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D&D Alignment: Does It Make Sense? Or Should You Scrap It?

The idea of good and evil as an actual essence that can be detected or a guiding force that is palatable is a popular concept of high fantasy, but should we include alignment in our D&D sessions? If we use our own world as a guide, the idea of absolute good or absolute evil is extremely rare if it even exists at all. So, should this apply to the fantasy world we live in while playing D&D, Pathfinder and other RPGs?

While we might find it easy to label terrorists and others who commit heinous crimes as evil, very few people walk around with the belief that they are evil. Even a terrorist who commits an evil act does so under the belief that they are serving a higher purpose, and while serial killers might revel in evil acts, others might say they are simply suffering from mental disease.

And if we look at the human race, we certainly can see the whole gamut. It can be convenient to label all orcs as chaotic evil and think of them as barbarians, but remember, the Viking barbarians of our history were the same species (human!) as those who built the organized definitely “lawful” Roman empire. This is where D&D alignment hampers creativity rather than amplifying it.

Worst, alignment in RPGs can often pigeonhole a character. What is Lawful Evil? Can a Lawful Evil person do good? Can they fall in love and sacrifice everything for it? Are they doomed to be murderers and thieves?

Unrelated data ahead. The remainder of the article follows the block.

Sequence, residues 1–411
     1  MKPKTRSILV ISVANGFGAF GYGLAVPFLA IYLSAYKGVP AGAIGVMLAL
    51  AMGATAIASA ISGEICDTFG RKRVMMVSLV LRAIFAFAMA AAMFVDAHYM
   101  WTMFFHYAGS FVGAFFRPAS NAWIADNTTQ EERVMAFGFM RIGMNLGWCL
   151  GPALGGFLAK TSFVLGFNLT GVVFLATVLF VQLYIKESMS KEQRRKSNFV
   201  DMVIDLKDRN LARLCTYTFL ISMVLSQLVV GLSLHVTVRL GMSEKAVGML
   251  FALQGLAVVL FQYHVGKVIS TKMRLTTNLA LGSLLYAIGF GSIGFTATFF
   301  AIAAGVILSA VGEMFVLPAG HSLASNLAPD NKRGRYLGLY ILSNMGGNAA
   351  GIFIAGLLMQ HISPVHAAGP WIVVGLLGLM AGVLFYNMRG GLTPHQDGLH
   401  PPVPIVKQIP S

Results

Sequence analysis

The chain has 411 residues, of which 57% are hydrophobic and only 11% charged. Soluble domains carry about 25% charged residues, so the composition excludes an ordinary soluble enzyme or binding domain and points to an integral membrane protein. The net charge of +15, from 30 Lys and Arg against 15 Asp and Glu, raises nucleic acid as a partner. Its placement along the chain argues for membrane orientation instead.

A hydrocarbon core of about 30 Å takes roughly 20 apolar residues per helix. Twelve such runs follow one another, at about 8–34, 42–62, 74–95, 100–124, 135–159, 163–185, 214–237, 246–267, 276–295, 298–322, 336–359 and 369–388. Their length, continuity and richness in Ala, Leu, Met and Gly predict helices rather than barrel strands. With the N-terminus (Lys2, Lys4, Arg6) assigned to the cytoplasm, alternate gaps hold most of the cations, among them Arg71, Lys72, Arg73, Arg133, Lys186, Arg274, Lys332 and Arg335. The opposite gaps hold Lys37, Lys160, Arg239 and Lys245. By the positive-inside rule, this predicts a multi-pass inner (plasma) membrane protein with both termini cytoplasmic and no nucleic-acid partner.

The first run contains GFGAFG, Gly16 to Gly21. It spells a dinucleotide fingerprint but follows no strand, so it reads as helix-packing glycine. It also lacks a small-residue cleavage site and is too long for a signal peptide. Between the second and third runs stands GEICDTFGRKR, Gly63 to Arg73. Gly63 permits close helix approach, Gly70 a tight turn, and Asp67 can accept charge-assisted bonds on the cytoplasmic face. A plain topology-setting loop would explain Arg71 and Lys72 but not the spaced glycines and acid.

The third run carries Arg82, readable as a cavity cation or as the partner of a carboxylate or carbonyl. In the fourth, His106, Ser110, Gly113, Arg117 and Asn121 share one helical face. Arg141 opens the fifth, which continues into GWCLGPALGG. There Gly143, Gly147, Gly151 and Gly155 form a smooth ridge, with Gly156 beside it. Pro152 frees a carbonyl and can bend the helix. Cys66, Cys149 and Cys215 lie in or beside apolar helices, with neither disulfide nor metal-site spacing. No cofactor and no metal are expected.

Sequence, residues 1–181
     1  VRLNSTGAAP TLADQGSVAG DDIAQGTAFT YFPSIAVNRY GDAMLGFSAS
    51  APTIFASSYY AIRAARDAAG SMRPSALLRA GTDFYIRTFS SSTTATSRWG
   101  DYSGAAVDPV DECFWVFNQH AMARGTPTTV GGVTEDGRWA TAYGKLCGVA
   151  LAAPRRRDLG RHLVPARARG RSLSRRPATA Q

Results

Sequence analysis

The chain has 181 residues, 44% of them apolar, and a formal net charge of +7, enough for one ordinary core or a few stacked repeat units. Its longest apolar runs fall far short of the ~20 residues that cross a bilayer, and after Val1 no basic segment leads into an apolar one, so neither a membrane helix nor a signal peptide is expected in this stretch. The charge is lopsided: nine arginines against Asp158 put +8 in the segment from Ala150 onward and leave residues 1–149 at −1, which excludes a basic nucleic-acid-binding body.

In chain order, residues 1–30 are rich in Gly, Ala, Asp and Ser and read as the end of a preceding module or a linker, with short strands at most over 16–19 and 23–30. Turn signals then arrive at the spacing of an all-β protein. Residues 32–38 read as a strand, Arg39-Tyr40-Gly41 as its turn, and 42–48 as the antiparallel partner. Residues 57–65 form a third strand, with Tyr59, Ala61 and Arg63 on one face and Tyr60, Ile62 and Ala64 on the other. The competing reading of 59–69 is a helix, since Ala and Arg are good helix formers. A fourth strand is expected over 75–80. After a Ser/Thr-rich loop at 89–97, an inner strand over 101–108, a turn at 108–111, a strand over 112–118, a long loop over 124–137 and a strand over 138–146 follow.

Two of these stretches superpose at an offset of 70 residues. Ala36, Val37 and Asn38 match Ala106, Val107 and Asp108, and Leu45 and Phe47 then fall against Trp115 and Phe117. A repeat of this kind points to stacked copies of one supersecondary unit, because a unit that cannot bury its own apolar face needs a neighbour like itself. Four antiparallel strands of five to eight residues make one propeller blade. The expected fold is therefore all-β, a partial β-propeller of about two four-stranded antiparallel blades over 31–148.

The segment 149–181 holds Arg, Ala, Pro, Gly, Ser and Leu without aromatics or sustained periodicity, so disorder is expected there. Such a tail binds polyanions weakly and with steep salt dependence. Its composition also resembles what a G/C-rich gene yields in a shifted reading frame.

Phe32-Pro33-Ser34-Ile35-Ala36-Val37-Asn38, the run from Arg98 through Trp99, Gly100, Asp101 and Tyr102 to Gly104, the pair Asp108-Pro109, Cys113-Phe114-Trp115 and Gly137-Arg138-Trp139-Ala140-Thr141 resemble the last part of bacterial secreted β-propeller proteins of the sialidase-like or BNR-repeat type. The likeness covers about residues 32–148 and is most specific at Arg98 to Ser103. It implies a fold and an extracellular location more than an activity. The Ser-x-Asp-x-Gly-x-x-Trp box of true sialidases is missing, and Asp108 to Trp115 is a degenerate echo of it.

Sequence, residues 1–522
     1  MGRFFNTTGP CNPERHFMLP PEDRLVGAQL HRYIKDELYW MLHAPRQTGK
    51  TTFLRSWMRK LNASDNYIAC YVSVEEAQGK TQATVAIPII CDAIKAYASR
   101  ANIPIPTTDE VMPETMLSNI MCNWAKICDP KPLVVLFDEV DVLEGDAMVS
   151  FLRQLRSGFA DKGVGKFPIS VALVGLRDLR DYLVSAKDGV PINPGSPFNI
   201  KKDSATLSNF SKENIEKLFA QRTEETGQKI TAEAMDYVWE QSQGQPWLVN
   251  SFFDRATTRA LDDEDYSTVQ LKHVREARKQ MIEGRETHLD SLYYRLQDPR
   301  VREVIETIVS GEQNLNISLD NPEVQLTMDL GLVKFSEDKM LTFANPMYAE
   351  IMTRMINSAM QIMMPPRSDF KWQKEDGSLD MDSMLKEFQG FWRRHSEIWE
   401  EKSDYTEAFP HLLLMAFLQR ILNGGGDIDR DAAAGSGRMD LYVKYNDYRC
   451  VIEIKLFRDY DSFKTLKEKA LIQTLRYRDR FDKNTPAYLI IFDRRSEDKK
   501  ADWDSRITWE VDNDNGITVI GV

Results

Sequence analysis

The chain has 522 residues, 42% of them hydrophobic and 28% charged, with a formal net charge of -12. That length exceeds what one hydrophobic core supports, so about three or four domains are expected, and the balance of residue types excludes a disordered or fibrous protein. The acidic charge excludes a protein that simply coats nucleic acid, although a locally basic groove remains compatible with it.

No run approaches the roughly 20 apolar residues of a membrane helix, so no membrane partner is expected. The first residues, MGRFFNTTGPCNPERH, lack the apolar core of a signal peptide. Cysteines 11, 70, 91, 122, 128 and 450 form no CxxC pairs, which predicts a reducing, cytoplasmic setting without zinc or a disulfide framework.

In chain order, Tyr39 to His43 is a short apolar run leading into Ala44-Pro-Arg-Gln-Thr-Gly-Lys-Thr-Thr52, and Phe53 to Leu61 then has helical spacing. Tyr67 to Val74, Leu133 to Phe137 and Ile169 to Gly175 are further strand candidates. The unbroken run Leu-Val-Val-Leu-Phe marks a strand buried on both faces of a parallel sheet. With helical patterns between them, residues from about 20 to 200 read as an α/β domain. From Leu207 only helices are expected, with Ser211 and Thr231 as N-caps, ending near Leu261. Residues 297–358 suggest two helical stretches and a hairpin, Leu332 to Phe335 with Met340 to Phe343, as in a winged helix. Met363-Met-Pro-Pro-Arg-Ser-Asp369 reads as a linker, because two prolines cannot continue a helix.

When we deal with demons and undead and other aberrations or supernatural creatures, the idea of good and evil as an absolute might make more sense, but when we deal with most of the humanoid races — even those that have historically been cast into ‘evil’ roles such as the drow elves — sticking to these labels makes little sense.

In most campaigns, alignment really doesn’t come much into play. You could easily erase the label on your character sheet and play the exact same game. In fact, barring holy or unholy objects or places or spells that detect alignment, the entire idea of keeping track of it seems in opposition to the idea of roleplaying a character whose motivations may change throughout the various adventurers.

Certainly, those classes that dedicate themselves to a god (clerics, paladins, druids, etc.) can fall into the category of alignment. D&D 5e got detect alignment right by restricting it to those dedicated to a god or supernatural beings with a direct correlation to their alignment. But even then, priests are acting on behalf, not their god’s alignment, so their actions are dictated more by their god’s beliefs rather than any basic idea of alignment.

Note: D&D got it right with new rules on detecting alignment. A good way to bend the Pathfinder Detect Evil rules is to determine that humanoids aren’t creatures and as such don’t fall into those rules unless their class dictates they do. And really, the rule itself is pretty simple. Why would a warrior suddenly have a good or evil aura just because he’s learned to swing his sword better? And why would a thief suddenly have one just because she picks locks better?

For the most part, alignment should be thrown out when playing RPGs. Characters should roleplay their characters, not some idea of “alignment.” Incantation and divine spells that detect good or evil should apply only to supernatural creatures that might have some type of “absolute” alignment or those creatures that have dedicated themselves to a deity.

For dungeon masters building a homebrew world, throwing out alignment when designing the world can lead to a lot of great opportunities. That orc tribe that needs to be wiped out? Perhaps they are quite peaceful and only defending themselves!